I need a haircut.
I tried out a new concoction called flexible shaping gel yesterday and woke up this morning a dead-ringer for Albert Einstein.
Well. Less the mustache and unruly eyebrows. (Why do men's eyebrows get longer and thicker the older they get, while women's brows very nearly disappear? I'm thinking discrimination - but I'm not sure which way it leans.)
Don't get me wrong: I'm crazy about Dr. Einstein - even though it's necessarily a posthumous relationship - but I don't think I'll ever adore him enough to want to look like him.
Nevermind about that. Wild hair is on my head, not on my mind.
The bottle tree armature I ordered finally arrived, even though I'm disappointed it was made in China. Bottle trees are an old Southern tradition rooted in this country, and shouldn't we make the effort to keep some things sacred and ours?
I doubt the Chinese manufacturer has any idea what it is he's crafting and exporting.
"Tree for bottles? Crazy Americans."
My metal tree was on back order from a garden supply catalog and I very nearly forgot about it, since I ordered it months ago. But if they're selling out of the things, it's nice to know I'm on trend.
Bottle trees are making a comeback is the news, good readers. My advice is to start drinking.
I planted my tree on the east side of our lot, because there's a spot that's been nagging for a splat of bright color, but I had to uproot it because my plan is for cobalt blue bottles, which are wasted unless they're situated between a bottle tree gardener and the sun.
Huge old fir trees block the morning light here; west was best.
Now it lives in a half-whiskey barrel in a plot alongside the driveway where I can see it from the window over the kitchen sink. Can a person succumb to too much joy? All in a moment, I get a hit of branchlike neon blue bottles that scream, "Look at us!" - hummingbirds and all the other winged ones that flock to the feeders, cheerful flowers, the squirrels.
Washing dishes used to be one of my least favorite chores, but not anymore.
Today, I dragged myself upstairs and got back on the NordicTrack, which I've given the cold shoulder since breaking a foot last fall. I convinced myself to climb back on because I wanted to get something down from the pantry yesterday, but needed a chair to reach it. I put one foot up on the seat, hung onto the chair's back, and made to haul myself up so both feet were firmly planted.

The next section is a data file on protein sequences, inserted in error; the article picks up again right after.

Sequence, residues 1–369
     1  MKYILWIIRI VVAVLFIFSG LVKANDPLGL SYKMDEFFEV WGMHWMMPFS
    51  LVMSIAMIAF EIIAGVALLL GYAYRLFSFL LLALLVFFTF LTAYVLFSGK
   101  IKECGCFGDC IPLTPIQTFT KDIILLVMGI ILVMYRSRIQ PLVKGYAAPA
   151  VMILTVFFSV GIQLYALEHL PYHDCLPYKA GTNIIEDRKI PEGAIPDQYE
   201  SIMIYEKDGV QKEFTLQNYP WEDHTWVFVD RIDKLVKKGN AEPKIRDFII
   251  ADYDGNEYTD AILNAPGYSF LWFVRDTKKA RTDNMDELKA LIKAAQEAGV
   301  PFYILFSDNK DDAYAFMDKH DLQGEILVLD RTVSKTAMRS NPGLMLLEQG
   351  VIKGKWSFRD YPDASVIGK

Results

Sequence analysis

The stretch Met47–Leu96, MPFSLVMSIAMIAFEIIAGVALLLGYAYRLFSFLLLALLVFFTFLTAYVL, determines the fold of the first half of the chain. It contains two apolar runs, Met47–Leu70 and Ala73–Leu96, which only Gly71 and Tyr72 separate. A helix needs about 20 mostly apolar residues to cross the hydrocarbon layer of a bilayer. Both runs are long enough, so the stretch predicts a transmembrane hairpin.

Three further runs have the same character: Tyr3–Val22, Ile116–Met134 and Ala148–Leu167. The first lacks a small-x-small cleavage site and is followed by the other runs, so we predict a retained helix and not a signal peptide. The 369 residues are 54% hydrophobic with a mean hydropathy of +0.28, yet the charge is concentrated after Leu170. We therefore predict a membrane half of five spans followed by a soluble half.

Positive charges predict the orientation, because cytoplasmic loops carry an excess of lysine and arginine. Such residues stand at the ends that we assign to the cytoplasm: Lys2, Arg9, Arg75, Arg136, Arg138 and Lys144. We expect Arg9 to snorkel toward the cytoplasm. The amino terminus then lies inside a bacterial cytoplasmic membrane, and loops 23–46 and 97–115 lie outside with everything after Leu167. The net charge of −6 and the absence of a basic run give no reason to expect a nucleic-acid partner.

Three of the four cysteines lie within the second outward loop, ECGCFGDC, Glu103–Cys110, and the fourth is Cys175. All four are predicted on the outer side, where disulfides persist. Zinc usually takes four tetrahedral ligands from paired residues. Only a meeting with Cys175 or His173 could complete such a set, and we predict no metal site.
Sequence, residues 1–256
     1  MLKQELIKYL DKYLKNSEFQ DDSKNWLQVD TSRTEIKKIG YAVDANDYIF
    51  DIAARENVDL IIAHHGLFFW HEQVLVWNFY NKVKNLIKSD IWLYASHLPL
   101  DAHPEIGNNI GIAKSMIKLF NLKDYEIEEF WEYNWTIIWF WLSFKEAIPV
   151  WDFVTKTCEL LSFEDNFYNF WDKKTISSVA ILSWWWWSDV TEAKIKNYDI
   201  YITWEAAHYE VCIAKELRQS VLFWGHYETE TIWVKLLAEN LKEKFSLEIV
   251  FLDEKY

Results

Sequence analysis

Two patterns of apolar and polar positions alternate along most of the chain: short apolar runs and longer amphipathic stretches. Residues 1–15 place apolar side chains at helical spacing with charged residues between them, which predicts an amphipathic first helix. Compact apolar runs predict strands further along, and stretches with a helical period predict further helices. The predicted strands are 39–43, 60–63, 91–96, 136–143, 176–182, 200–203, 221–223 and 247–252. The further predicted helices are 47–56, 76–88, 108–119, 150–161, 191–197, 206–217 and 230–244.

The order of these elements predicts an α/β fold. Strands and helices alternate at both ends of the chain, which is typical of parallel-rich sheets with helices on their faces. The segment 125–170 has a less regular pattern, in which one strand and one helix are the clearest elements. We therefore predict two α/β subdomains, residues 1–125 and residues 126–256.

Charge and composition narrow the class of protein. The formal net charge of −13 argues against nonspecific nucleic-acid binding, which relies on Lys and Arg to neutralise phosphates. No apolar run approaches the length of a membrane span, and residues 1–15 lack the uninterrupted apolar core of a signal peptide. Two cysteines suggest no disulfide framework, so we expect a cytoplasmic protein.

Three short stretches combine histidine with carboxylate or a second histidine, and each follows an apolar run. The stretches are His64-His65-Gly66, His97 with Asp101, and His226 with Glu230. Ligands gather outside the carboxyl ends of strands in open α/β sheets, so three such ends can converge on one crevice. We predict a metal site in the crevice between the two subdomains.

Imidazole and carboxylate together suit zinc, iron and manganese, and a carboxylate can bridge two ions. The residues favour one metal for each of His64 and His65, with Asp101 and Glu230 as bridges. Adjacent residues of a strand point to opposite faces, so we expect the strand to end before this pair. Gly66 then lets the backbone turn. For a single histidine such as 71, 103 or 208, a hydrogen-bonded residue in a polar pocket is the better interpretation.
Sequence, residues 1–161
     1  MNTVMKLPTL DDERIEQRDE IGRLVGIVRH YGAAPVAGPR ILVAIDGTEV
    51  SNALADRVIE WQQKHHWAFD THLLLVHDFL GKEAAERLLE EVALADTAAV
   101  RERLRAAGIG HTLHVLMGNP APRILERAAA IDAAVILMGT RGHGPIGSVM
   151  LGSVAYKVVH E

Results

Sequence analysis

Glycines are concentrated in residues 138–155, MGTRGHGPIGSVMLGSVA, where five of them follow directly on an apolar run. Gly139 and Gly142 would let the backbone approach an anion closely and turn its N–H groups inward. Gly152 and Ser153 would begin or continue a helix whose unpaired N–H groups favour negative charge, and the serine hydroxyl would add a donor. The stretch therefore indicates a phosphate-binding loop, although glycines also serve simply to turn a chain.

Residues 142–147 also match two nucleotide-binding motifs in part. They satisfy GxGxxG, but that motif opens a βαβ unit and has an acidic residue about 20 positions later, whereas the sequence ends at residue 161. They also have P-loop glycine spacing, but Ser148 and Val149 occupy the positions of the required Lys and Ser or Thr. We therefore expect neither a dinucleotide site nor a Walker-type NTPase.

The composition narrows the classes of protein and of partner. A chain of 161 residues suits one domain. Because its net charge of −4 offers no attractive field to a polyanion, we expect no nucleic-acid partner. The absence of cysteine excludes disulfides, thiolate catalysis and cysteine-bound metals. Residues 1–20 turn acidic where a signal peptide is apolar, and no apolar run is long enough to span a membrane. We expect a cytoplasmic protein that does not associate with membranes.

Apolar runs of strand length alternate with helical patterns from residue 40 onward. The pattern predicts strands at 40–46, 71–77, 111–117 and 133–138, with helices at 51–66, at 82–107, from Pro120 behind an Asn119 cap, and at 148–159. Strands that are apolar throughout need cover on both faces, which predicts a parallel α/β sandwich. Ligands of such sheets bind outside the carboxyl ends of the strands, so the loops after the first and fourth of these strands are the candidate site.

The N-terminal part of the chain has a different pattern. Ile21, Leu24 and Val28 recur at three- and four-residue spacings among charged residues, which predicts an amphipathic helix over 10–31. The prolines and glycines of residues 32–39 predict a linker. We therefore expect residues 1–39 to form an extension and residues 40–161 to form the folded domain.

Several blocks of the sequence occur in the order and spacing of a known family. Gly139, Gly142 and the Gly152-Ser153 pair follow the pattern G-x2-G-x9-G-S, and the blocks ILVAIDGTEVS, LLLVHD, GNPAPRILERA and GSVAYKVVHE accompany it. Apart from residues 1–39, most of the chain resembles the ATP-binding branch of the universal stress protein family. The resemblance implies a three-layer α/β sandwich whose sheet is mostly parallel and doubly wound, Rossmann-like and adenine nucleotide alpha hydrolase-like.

Trouble is the leg that was already on the seat wasn't strong enough to heft the rest of me up.
What? I can't climb up on a chair anymore? Well, if this wasn't a wake-up call, I don't know what would be.
Ergo, onto the Track. I lasted for 22 minutes at 3 mph. This does not a hardy woman make, but I didn't want to wound myself on the first day. We'll see how far this thing takes me.
Good neighbor Mrs. Z bought me a present a couple of days ago: "Keep Chickens!" by Barbara Kilarski, who lives in Portland, Ore. It's a good read, humorous and loaded with information for small property owners who just want a few birds to keep fresh eggs on the table.
"Listen to this," I said to Fearless Leader: "Sight and hearing are a chicken's two best senses (besides their sense of humor). They find tasty bugs and grubs by seeing them crawl around in the dirt, or hearing them shuffle under leaves or grass. Chickens don't have a great sense of smell or taste, which perhaps explains why they think worms and beetles are delicious."
FL rolled his eyes and said not a word, but I can read his mind and he wishes everyone we know would refrain from doing anything that feeds my dream of keeping hens.
Don't pay him any mind.
* Lynne Horner is a former Maui News features editor and writer who now lives in Springfield, Ore. Her "Second Thoughts" column appears every Tuesday. Send email to her at email@example.com.